I love what happens next. The Pharisees ask the man to repeat his story yet again, to which he responds: “I told you already and you did not listen; why do you want to hear it again? You do not want to become His disciples too, do you?” (vs. 27).

The reaction the once-blind man got from the Pharisees on this matter was visceral: “They reviled him” (vs. 28). The Pharisees aren’t interested in following Jesus nor are they interested in hearing any more evidence or testimony that validates His Messiahship.

But that doesn’t stop the man from hitting them with one last bit of knowledge: “We know that God does not hear sinners; but if anyone is God-fearing and does His will, He hears him. Since the beginning of time it has never been heard that anyone opened the eyes of a person born blind. If this man were not from God, He could do nothing” (vv. 31-33).

What did the man get for his effort? From the Pharisees, he received ejection from the synagogue, but from Jesus he received salvation (vs. 38).

Belief vs. Truth

I’ll say it again, the ability for someone to deny the truth about something can be breathtaking. But what’s at the heart of such denial? What stops a person from even beginning to think that a particular truth claim could be plausible?

This is obviously a complicated subject, but for many, it boils down to one simple thing: they don’t want the matter in question to be true.

Stories are plentiful about people with cancer who ignored the clear warning signs on the side of cigarette packs and the physical symptoms they were experiencing, of young girls who were literally nine months pregnant and who wouldn’t believe they were about to have a baby, and even of individuals like David Irving who stood up in a Canadian courtroom and testified: “No documents whatsoever show that a Holocaust has ever happened.”[2]

Some atheists are honest about this. For example, Thomas Nagel has written: "I want atheism to be true and am made uneasy by the fact that some of the most intelligent and well-informed people I know are religious believers. It isn't just that I don't believe in God and, naturally hope that I'm right in my belief. It's that I hope that there is no God! I don't want there to be a God; I don't want the universe to be like that."[3]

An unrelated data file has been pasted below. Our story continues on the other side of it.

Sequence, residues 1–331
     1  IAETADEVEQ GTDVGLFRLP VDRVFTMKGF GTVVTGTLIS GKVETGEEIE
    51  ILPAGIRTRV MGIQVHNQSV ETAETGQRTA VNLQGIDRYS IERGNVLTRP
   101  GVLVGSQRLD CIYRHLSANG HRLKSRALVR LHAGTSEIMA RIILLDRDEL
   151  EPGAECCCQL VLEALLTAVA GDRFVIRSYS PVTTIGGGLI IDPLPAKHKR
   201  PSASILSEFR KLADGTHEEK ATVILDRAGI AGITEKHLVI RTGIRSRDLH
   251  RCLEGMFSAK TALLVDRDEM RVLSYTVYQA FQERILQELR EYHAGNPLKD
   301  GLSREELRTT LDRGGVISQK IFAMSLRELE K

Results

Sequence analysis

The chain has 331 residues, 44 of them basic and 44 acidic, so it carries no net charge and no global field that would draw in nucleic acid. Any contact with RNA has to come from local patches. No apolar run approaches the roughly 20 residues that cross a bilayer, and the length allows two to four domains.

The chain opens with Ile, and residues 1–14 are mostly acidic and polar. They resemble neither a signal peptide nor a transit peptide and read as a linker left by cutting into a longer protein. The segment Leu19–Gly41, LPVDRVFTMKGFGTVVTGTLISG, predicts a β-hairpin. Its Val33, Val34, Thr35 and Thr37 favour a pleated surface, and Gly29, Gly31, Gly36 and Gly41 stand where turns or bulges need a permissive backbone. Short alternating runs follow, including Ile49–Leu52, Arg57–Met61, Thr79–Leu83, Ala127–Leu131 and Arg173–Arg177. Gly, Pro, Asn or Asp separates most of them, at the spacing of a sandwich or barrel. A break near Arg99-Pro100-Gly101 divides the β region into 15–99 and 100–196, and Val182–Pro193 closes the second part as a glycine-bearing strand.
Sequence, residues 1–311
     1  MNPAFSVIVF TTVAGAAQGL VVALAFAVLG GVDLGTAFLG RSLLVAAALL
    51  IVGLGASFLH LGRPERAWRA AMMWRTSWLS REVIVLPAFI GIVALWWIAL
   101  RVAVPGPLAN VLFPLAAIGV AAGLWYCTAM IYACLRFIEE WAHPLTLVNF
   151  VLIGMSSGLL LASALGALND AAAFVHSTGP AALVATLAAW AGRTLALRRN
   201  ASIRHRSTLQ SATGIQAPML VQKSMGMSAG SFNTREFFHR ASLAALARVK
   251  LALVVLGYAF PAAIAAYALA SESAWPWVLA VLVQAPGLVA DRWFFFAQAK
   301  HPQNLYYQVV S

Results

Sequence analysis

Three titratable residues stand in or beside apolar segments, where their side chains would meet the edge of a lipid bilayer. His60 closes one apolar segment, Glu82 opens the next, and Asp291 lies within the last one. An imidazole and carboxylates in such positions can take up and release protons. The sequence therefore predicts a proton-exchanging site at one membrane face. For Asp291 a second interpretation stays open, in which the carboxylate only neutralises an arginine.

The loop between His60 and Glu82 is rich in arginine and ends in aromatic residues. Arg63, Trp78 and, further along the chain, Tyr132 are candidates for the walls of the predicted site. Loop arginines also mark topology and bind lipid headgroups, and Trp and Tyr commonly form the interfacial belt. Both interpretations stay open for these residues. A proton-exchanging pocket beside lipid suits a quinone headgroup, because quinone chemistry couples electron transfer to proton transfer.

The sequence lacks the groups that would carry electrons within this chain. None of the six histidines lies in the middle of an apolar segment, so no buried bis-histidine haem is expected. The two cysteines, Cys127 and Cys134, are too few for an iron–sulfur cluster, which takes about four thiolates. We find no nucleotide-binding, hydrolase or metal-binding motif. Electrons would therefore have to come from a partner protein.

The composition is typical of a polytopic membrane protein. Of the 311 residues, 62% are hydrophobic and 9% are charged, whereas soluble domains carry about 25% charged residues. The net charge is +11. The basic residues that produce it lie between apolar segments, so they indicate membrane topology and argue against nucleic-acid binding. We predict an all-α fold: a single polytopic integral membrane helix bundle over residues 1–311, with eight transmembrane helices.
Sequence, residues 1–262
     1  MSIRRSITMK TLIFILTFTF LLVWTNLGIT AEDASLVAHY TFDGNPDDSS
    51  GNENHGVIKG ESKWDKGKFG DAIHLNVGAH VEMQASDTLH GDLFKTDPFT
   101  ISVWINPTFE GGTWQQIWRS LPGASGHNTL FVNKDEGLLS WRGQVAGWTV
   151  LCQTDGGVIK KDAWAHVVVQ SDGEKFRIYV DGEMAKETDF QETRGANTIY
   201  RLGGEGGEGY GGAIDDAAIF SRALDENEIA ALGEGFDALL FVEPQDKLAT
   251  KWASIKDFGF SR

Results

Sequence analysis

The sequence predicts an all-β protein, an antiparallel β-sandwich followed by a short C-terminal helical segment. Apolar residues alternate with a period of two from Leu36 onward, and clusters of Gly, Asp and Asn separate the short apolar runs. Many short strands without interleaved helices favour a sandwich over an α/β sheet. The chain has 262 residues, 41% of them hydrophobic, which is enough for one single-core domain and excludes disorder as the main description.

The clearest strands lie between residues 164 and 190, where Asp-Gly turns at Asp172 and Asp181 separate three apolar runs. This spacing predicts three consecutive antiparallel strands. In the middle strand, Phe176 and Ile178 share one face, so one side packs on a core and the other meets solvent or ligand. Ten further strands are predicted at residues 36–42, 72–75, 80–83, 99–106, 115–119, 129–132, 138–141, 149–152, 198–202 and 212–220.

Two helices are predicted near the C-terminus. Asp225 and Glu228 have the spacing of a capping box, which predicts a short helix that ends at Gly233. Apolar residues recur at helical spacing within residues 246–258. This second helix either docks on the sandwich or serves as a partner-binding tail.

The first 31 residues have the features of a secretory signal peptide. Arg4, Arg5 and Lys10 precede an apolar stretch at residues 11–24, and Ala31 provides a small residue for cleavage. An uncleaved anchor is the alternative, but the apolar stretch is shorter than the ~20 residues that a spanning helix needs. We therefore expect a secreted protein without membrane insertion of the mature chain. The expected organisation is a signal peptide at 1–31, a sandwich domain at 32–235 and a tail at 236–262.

The Bible tells us that when Jesus came face-to-face with people who rejected both the truth and Him he, “wondered at their unbelief” (Mark 6:6). The Son of God was literally amazed and marveled at how they could look past the evidence He supplied of His truth claims and deny the proof that was staring them in the face.

However, this fact doesn’t stop skeptics from dismissing testimony as evidence even when it’s as close and direct as it can be. In her follow up book, Lipstadt describes being sued by a prominent Holocaust denier named David Irving[4], whom she had challenged in her former work. At a recess in the trial, a woman came up to Irving and told him that her parents had been gassed at Auschwitz. A reporter who was standing there heard Irving reply: “Madam, you may be pleased to know that they almost certainly died of typhus.” [5]

The wonder of a willing unbelief is both frustrating and sad – especially when it comes to rejecting Jesus. If you’re not a Christian, I urge you to not follow in the footsteps of the Pharisees and people of Jesus’ hometown. Instead, give a fresh look at Christ if you haven’t done so in a while. A good concise treatment of Jesus’ life worth checking out is John Dickson’s Life of Jesus: Who He is and Why He Matters.

[1] Deborah Lipstadt, Denying the Holocaust: The Growing Assault on Truth and Memory (New York: Simon and Shuster, 1993), pg. 2.

[2] Lipstadt, History, pg. xiii.



[5] Deborah Lipstadt, History on Trial: My Day in Court with a Holocaust Denier (New York: Harper, 2005), pg. xiv.

Robin Schumacher is a software executive and Christian apologist who has written many apologetic articles, appeared on nationally syndicated radio programs, and presented at various apologetic events. He holds a Master's in Christian apologetics and a Ph.D. in New Testament.

Free CP Newsletters

Join over 250,000 others to get the top stories curated daily, plus special offers!


Most Popular

More In Opinion